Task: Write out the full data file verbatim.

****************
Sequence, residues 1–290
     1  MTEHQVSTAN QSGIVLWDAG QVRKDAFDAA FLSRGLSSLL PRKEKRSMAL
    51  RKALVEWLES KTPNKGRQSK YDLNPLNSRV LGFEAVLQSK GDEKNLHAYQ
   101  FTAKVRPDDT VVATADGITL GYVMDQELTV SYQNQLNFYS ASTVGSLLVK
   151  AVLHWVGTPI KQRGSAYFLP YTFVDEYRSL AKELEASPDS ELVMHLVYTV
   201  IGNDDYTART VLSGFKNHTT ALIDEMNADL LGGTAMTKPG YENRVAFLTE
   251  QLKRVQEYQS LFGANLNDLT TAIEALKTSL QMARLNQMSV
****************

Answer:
Sequence, residues 1–290
     1  MTEHQVSTAN QSGIVLWDAG QVRKDAFDAA FLSRGLSSLL PRKEKRSMAL
    51  RKALVEWLES KTPNKGRQSK YDLNPLNSRV LGFEAVLQSK GDEKNLHAYQ
   101  FTAKVRPDDT VVATADGITL GYVMDQELTV SYQNQLNFYS ASTVGSLLVK
   151  AVLHWVGTPI KQRGSAYFLP YTFVDEYRSL AKELEASPDS ELVMHLVYTV
   201  IGNDDYTART VLSGFKNHTT ALIDEMNADL LGGTAMTKPG YENRVAFLTE
   251  QLKRVQEYQS LFGANLNDLT TAIEALKTSL QMARLNQMSV